Functional proteomics in Escherichia coli
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Cells respond to their environment with programmed changes in gene expression. Cataloging these changes at the protein level is key towards understanding the physiology of an organism. Multi-subunit and multi-protein complexes are also important and pathogenic and physiologic processes. In order to identify expressed proteins and potential protein complexes, we utilized a combination of non-denaturing chromatography and peptide mass fingerprinting. This approach allows us to identify the components of protein mixtures, as well as information lost in traditional proteomics, such as subunit associations. Applying this methodology to cells at both mid-exponential and stationary phase growth conditions, we identified several thousand proteins from each cell-state of E. coli corresponding to hundreds of unique gene products. The copurification of proteins when fractionated at varying pHs could suggest the components of higher order complexes. This non-denaturing proteomic approach should provide physiological data unavailable by other means. The components of several known cellular complexes were also evident in this analysis. To characterize proteins associated with nucleic acid binding, we also performed proteome analysis on log and stationary phase cells grown in LB separated over heparin chromatography at neutral pH, which enriches for these proteins. The complete analysis of these identifications is discussed.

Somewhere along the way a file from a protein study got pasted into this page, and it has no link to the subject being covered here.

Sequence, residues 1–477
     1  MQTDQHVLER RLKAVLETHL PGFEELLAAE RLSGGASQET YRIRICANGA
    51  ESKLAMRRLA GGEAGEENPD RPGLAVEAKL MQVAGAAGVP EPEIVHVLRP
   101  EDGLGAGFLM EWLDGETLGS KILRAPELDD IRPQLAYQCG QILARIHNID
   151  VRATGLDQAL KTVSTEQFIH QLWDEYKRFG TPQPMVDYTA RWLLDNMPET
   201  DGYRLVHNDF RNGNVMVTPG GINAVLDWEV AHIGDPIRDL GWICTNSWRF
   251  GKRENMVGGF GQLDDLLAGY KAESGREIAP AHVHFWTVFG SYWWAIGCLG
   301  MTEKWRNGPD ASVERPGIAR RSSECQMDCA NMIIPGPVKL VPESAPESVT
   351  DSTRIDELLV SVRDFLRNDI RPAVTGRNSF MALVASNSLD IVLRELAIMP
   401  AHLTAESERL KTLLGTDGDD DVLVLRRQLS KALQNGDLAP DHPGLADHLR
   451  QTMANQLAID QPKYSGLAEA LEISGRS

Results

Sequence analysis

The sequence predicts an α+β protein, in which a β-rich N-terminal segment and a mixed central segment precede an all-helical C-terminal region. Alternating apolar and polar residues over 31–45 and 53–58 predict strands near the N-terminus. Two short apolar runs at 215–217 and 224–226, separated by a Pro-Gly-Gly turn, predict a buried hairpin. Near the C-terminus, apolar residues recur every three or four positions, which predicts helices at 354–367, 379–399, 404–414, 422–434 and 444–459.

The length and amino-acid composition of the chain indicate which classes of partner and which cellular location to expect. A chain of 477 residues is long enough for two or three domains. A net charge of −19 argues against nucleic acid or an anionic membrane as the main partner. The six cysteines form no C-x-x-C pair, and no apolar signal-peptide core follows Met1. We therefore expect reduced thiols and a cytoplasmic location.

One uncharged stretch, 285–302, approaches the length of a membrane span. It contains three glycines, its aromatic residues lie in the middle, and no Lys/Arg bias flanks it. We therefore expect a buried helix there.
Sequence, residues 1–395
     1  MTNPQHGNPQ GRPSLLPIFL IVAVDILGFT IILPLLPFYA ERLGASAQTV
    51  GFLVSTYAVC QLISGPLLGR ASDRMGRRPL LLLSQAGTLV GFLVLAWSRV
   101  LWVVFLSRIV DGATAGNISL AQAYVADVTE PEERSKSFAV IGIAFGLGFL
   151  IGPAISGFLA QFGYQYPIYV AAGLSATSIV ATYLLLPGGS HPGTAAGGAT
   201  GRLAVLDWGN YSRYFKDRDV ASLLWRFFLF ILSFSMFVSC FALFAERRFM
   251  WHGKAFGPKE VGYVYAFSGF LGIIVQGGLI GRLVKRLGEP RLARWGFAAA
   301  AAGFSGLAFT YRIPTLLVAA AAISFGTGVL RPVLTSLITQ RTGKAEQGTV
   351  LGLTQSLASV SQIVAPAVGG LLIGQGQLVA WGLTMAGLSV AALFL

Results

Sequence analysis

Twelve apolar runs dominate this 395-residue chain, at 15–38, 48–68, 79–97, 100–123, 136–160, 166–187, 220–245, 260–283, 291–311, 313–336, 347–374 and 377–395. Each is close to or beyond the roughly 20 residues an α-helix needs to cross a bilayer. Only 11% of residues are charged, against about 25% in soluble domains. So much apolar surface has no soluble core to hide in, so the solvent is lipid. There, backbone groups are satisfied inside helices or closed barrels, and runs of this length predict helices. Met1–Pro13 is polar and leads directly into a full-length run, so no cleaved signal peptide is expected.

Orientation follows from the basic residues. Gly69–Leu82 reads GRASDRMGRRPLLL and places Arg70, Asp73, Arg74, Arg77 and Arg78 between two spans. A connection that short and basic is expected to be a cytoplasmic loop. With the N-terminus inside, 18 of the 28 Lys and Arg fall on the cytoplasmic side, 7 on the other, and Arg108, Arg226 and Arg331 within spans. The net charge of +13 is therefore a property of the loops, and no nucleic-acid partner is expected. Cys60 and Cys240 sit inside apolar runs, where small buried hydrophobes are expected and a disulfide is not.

SubjectProteomics E. coli
Champion, Matthew Maurice (2005). Functional proteomics in Escherichia coli. Doctoral dissertation, Texas A&M University. Texas A&M University. Available electronically from